Day 79 – Traquair to West Linton

Beautiful weather when I set off – it was all sunshine and little fluffy clouds and I was in good spirits. I managed to miss the forestry path on the way up from Traquair, so ended up just following the road up to Cardrona, where I found a cycle path that ran into Peebles. This avoided the road, and was fairly pleasant to walk, but was hard underfoot, and I was glad to make it into Peebles in time for lunch.
Peebles was a pleasant surprise – it was both much bigger and much nicer than I had expected. I had an excellent coffee from a small deli in a backstreet and sat outside drinking it and chatting to two men who were there on a bus tour from Leicester. When he heard that I was walking LEJOG, Arnold, who was 96, endeared himself to me instantly by asking if I were on my gap year!
From Peebles the route goes up over moorland and the Meldon hills – this was a really nice walk and felt surprisingly remote.
As I came past some sheep, I heard a clanging sound, and found a ram who had managed to get his horns tangled in the fence wire. Judging that I would probably do more harm than good if I tried to unwind him, I took a short detour to the farm to let them know.
Still feeling surprisingly energetic, I thought about climbing up to the top of White Meldon, just for the heck of it, but then a heavy shower when I was two-thirds of the way up made me remember I still had a long way to go and I slithered down the steep west side to head for Green Knowe.
The route, on an old post road and forestry track, was easy to follow until I reached the village, at which point I discovered “the fork” described in the strip map was actually a junction of several paths. I chose wrong, and wasted an hour floundering around in rough pasture. (For those following the route, it’s the right-hand of the two middle tracks heading up towards the sheepfield.)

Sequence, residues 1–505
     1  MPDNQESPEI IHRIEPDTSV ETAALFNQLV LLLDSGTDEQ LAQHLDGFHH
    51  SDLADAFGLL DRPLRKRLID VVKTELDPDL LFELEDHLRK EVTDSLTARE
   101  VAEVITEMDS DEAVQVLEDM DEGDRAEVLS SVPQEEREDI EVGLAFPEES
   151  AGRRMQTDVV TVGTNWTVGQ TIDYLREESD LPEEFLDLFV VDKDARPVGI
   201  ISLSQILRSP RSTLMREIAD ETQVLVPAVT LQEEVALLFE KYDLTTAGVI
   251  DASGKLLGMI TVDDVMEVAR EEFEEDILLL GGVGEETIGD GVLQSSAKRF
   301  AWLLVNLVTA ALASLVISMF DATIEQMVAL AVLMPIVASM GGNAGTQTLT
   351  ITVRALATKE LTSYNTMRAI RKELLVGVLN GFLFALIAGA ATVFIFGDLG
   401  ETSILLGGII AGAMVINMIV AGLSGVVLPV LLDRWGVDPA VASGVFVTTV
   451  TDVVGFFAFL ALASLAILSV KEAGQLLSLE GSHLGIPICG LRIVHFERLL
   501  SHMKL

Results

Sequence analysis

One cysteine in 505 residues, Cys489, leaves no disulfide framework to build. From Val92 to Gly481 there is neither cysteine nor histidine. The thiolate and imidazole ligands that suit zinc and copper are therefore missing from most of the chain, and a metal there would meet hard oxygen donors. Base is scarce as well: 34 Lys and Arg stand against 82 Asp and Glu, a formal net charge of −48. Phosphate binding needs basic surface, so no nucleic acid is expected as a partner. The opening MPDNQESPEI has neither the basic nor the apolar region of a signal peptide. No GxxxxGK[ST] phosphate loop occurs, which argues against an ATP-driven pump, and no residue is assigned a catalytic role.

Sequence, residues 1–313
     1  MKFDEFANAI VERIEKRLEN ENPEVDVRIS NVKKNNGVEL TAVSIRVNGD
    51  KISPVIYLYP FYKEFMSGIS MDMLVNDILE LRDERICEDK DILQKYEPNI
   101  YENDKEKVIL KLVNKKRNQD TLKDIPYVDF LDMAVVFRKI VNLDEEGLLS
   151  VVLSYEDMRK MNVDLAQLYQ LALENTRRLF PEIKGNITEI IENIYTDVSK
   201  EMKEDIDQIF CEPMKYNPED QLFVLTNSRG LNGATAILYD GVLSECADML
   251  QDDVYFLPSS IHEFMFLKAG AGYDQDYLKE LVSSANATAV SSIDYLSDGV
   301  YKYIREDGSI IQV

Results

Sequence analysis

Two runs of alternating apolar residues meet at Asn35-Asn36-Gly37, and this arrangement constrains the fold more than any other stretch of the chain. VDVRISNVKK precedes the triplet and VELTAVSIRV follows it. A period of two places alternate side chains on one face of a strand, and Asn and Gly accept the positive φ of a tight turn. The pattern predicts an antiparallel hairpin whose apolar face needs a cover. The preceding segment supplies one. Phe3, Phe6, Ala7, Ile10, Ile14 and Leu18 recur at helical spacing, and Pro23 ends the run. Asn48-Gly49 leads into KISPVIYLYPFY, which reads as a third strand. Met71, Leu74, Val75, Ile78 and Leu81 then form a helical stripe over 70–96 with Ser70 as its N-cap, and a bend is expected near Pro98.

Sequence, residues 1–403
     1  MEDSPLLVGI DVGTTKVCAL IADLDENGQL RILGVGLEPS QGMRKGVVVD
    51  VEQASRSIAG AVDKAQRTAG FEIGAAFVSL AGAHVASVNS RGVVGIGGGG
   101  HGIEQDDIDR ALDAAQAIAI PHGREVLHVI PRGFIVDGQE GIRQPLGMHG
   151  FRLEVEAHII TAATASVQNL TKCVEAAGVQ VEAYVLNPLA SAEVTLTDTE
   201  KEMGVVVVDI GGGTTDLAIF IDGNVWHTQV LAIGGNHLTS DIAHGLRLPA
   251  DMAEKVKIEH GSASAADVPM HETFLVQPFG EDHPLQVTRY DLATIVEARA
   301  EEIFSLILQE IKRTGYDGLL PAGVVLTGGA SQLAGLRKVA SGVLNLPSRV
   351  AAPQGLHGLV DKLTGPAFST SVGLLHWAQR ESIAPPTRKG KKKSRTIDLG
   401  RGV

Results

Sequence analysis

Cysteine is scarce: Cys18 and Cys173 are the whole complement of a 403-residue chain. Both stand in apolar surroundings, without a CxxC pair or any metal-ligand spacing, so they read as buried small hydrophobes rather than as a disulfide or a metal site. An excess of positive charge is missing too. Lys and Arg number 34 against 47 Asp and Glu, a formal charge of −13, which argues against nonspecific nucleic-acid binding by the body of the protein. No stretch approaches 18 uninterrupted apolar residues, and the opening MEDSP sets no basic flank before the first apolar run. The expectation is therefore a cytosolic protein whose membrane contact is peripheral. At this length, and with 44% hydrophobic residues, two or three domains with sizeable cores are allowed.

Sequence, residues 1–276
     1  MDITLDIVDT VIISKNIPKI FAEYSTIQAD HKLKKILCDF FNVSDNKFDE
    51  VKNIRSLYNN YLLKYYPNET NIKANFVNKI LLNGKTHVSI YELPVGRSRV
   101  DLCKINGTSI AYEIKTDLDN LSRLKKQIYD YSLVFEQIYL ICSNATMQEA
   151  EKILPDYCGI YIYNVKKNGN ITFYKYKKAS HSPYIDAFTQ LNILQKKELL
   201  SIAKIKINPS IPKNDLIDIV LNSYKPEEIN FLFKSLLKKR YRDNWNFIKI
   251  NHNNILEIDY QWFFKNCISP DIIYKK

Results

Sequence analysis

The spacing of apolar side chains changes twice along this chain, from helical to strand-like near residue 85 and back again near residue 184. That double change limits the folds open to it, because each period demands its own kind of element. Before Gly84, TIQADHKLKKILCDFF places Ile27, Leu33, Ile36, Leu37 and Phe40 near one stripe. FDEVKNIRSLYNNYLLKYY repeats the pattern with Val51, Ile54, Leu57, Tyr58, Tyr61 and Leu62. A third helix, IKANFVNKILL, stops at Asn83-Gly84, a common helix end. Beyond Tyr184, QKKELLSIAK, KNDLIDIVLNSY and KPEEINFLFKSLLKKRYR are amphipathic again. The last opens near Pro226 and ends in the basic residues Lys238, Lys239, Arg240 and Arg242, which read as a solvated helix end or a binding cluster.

I eventually got myself sorted out, and after a sweaty climb up through a recently felled plantation found the hill fort site. It was now raining heavily, but the views out over the countryside were lovely.
More forestry track came out on a hillside facing Green Knowe. I then spent another hour or so making my way down the hill, leaping over (or in one case, falling into) lots of burns and trying to negotiate the boggy and/or tussocky ground, all in a heavy downpour. By the time I eventually crossed the burn at the bottom of the hill I was exhausted, wet and fed up.
However, the drovers’ path which I then followed over Drum Maw and down into Romannobridge was a delight – a lovely wide track following the sweeping curves of the hillside. I would have been much better off ignoring the suggested route, heading further north from White Meldon, and following the drovers’ path through the forest.
The walking into Romannobridge was easy enough, but by the time I got there I was exhausted. I wasn’t too disappointed to find that Arran had arrived to pick me up. We stopped at the Bakehouse restaurant in West Linton on the way home, and had an excellent meal (the haggis pakora in particular was delicious) with a very friendly and attentive waitress who went out of her way to be welcoming. Home to our campsite in Bathgate to prepare for tomorrow.
Highlights: the sun coming out on the drovers’ road; being mistaken for a 21 year old!

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